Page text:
Well, ‘downtown’ Abbotsford isn’t technically a strip mall – though there aren’t many vestiges of its historic roots as a stop along the Yale Road to the goldfields of 1858.  Or its farming community past.  Today, it’s main drag really is a drag:


A classic case of a community that grew up in the pre-motordom era giving itself over to auto dominance (thank you, long-serving mayor George Ferguson) and turning its core into one big strip mall.  Now the fifth largest municipality in the province, with an airport that could one day be the second aeronautical anchor of the Lower Mainland, Abbotsford would inevitably be absorbed into vast undifferentiated regional sprawl if it wasn’t for the Agricultural Land Reserve.  

Meanwhile, keep your eyes on 16th Avenue, which I’m pretty sure the highway planners are.  Imagine an expressway connecting with the Trans-Canada Highway, past the Abbotsford airport, streaking in a straight line across the ALR to the new interchange they’re planning to build on Highway 99 at White Rock, and serving all the expanded streets to the international border crossings.  Won’t that do wonders for the ‘compact metropolitan region.’ 

But I digress.  Appparently they’ve decided they have quite enough asphalt in Abbotsford, and now they’d like a little more transit.  In particular, a frequent transit corridor sort of in the shape of a horseshoe:

Director of Community Planning Carl Johannsen provides a precis of Abbotsford’s ‘Local Transit Enhancement’ concept 

… a long-term vision to develop a high-frequency transit backbone through the City’s urban area, approved-in-principle by Council in November of 2008.  The idea of future rapid transit (i.e. BRT) along much of the horseshoe has been also confirmed by Minstry of Transportation and Infrastructure’s Strategic Review of Transit in the Fraser Valley.  

 We aim to build up transit frequencies along these corridors over time, and reorganize the rest of system to feed into these corridors.  The City, with BC Transit and the District of Mission, will also be developing a long-term transit vision (Transit Future Plan) for the Abbotsford-Mission transit system over the next months.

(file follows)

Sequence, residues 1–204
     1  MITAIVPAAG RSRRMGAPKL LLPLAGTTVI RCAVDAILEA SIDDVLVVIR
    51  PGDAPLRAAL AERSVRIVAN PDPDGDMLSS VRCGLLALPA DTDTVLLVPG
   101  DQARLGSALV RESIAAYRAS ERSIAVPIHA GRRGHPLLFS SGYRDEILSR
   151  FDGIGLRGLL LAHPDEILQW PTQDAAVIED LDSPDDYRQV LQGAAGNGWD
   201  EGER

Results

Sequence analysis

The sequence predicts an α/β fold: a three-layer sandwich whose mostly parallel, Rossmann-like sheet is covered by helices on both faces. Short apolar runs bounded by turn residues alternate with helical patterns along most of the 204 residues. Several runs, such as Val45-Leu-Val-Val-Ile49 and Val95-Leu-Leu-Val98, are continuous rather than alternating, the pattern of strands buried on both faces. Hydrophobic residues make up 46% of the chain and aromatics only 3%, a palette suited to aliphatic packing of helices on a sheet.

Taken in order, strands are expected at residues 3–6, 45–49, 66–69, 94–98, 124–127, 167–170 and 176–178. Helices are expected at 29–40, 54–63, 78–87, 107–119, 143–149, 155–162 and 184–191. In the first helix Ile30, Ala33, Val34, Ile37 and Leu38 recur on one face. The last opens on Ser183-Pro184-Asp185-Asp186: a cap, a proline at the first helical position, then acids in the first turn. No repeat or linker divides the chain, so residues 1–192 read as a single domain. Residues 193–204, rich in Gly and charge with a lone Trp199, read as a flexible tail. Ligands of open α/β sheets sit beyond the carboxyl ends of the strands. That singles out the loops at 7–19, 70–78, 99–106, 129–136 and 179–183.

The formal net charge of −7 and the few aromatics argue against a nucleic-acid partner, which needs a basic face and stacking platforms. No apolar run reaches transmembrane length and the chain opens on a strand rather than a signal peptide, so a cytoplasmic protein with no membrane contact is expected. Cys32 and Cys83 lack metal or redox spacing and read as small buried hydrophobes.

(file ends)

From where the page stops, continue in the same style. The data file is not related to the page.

So in time, the grim gray corridor of South Fraser Way:

…might, from the same view at the top, look like this:


  1. Never underestimate the attraction of Zero Avenue to highways planners for a second cross region freeway, which I have heard proposed as a good option since it avoids slicing right through the ALR. Not sure how the folks in Whatcom County or US Homeland Security would feel about that though – perhaps justification for a border wall as a sound attenuation barrier.

  2. I love those before and after pics, and I like this animated gif that flicks between the two of them: http://i.picasion.com/pic39/49af270c4a0355585789741f33048219.gif

    Google Maps Streetview is a good way to see alternative street designs I find. Here are a few pictures that show the different ways that road-owners (usually municipalities, I believe, using our money) can choose to design their asset for greatest social benefit. http://www.facebook.com/album.php?aid=53393&id=151076548254144

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